Mardi Gras often gets a bad rap, perceived as an adult-oriented festival that no sane parent would ever allow their children to attend. While most winter carnival events include raucous parties, Mardi Gras can be celebrated with family-specific offerings, such as parades and historic museums, in New Orleans, Louisiana and across the U.S. These are the best places to enjoy Mardi Gras with kids.
1. Lake Charles, Louisiana
Unusual in the sometimes-secret world of Mardi Gras societies, Lake Charles is the only place in Louisiana where the public is invited to see the elaborate costumes of the royal courts at two separate events, on Twelfth Night, usually held in early January, and at the Royal Gala, held the evening before Mardi Gras begins. The Gala features the krewes royally promenading before thousands of residents and visitors at the Lake Charles Civic Center Coliseum.
Families love that there’s an entire day dedicated to just children and family activities. Children’s Day, the Sunday before Mardi Gras, includes performing arts programs, technology and science exhibits and arts and crafts. Kids can also be photographed in costumes provided by the Mardi Gras Museum of Imperial Calcasieu. Plus, they’ll receive free souvenirs! In the afternoon, the Children’s Parade is a not-to-miss highlight, with colorful floats, throws and themes.
Traditions: The Mardi Gras Museum of Imperial Calcasieu contains the largest collection of Mardi Gras costumes in the world, and the Royal Gala held on Lundi Gras (the Monday before Mardi Gras) is the only event in the state that allows the public to see the Krewes’ Royal Courts in costume. Lake Charles also has a parade on the lake, and a lighted boat parade on Lake Charles usually takes place the Sunday night before Mardi Gras.
Can’t-Miss Attractions: Check out the Mardi Gras Museum of Imperial Calcasieu (located in the Central School Arts & Humanities Center) to see how costumes have changed over the years of Lake Charles’ Mardi Gras. Kids love the animated mannequins that tell the story of Mardi Gras and the “float” exhibit, which makes everyone seem like a part of the action of a parade.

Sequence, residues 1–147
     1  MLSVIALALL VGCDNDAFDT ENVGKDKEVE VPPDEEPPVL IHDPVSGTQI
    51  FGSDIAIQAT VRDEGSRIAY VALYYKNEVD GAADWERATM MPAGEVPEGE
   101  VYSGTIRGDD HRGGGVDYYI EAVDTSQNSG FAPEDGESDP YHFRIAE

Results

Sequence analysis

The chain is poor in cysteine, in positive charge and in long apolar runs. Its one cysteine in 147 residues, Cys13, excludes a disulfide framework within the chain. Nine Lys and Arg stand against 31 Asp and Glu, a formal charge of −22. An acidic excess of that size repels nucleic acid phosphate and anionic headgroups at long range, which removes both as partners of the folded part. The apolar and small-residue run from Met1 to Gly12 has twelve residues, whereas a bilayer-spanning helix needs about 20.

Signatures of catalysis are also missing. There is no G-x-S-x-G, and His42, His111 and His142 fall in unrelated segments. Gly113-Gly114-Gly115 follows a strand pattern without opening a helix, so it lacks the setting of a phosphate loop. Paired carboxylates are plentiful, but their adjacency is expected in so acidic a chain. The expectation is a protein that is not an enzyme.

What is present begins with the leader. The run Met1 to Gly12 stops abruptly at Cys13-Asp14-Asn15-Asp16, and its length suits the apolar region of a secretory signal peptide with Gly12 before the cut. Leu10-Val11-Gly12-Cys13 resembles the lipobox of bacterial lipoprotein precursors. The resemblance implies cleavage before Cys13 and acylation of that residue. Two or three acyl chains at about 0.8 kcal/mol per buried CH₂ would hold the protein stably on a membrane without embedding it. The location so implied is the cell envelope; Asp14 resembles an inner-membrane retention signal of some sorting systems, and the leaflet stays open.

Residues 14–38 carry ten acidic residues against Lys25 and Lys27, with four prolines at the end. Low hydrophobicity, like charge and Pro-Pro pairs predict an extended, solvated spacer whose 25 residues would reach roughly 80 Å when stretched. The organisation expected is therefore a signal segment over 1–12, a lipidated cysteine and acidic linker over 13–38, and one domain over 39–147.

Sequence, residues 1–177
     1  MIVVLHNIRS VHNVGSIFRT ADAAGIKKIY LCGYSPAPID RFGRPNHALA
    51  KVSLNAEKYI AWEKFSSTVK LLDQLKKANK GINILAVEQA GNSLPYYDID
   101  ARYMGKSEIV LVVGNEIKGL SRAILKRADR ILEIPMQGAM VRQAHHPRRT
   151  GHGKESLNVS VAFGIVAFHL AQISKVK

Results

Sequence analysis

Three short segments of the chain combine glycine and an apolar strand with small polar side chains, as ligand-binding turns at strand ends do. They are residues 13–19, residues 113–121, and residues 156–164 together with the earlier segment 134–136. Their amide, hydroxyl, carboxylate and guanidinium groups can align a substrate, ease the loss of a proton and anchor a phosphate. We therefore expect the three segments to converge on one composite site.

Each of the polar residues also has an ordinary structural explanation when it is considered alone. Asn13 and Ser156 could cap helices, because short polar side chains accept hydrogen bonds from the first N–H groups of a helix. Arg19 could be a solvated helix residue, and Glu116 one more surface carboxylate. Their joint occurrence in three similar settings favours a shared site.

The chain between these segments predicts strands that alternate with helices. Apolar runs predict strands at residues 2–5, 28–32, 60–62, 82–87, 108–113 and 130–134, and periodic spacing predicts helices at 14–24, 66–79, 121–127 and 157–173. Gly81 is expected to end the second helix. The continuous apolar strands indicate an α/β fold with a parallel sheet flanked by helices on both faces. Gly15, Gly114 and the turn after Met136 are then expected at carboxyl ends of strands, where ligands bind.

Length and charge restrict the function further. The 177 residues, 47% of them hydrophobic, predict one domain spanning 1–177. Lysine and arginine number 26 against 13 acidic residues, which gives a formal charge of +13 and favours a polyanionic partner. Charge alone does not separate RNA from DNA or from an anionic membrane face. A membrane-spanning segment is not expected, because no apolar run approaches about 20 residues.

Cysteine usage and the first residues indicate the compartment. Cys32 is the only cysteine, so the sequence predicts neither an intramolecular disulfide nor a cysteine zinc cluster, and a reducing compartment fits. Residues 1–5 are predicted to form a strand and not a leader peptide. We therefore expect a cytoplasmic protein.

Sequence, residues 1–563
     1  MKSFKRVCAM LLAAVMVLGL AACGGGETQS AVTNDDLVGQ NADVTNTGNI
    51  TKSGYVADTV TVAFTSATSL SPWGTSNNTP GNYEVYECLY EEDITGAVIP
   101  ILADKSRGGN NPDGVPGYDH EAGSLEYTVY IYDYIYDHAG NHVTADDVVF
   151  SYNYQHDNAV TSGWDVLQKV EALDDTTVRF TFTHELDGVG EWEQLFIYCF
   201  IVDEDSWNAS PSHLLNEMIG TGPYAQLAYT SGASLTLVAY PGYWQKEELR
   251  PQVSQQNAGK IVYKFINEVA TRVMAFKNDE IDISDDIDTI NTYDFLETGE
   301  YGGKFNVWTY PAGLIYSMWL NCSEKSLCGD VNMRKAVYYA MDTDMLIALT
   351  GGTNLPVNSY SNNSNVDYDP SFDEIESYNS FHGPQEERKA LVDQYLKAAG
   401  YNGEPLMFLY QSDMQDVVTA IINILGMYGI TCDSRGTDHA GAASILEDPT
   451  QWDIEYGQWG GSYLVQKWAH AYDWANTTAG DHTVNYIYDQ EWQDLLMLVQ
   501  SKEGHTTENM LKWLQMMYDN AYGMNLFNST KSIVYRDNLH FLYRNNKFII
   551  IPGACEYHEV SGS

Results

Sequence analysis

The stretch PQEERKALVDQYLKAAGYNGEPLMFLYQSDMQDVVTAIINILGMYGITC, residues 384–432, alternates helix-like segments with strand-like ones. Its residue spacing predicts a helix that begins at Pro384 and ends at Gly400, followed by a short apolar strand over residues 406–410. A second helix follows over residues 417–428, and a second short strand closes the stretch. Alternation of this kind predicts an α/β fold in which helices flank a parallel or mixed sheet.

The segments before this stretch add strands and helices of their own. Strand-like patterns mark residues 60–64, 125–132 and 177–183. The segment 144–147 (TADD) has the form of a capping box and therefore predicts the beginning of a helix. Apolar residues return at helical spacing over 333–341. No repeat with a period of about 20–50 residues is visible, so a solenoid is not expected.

Recommended Hotel: Springhill Suites Lake Charles
2. New Orleans, Louisiana
If hitting The Big Easy for the biggest of celebrations, avoid Bourbon Street and head to St. Charles Avenue, where families set up camp for the day. You’ll actually see a lot of kids on ladders, in special seats bolted onto them; if you can get your hands on one (at local hardware stores), your child will be able to see the floats and you’ll know they’re out of harm’s way.
It can be difficult to decide which parades to attend over the course of the celebrations, but highlights include the Krewe of Barkus, a hilarious dog parade that takes place two Sundays prior to Fat Tuesday, with dogs dressed in costume being led through the streets of the French Quarter by their owners (this is the exception to avoiding the Quarter). The Sunday before Fat Tuesday, Thoth, one of the largest parades, heads down Magazine Street, and Bacchus, another popular parade begins later in the evening. On the big day, Fat Tuesday, Zulu, an African American krewe, leads the main parade and riders hand out coconuts, an enormously coveted honor. Consider purchasing grandstand seats on St. Charles Avenue if you want to ensure a spot and access to bathrooms!
Traditions: Because the first Rex parade honored a Russian prince, the New Orleans Mardi Gras adopted the colors of the royal house of Romanov: purple for justice, green for faith and gold for power. The trinkets and other goodies tossed from floats are called “throws.” Typically, these are beads, doubloons and plastic cups. However, depending on the parade and the generosity of the krewe, roses, stuffed animals, plastic toys and much more might be tossed. Also, if you get a little plastic baby (representing Jesus) in your piece of King Cake, you might just have to throw a party, as this is a customary tradition.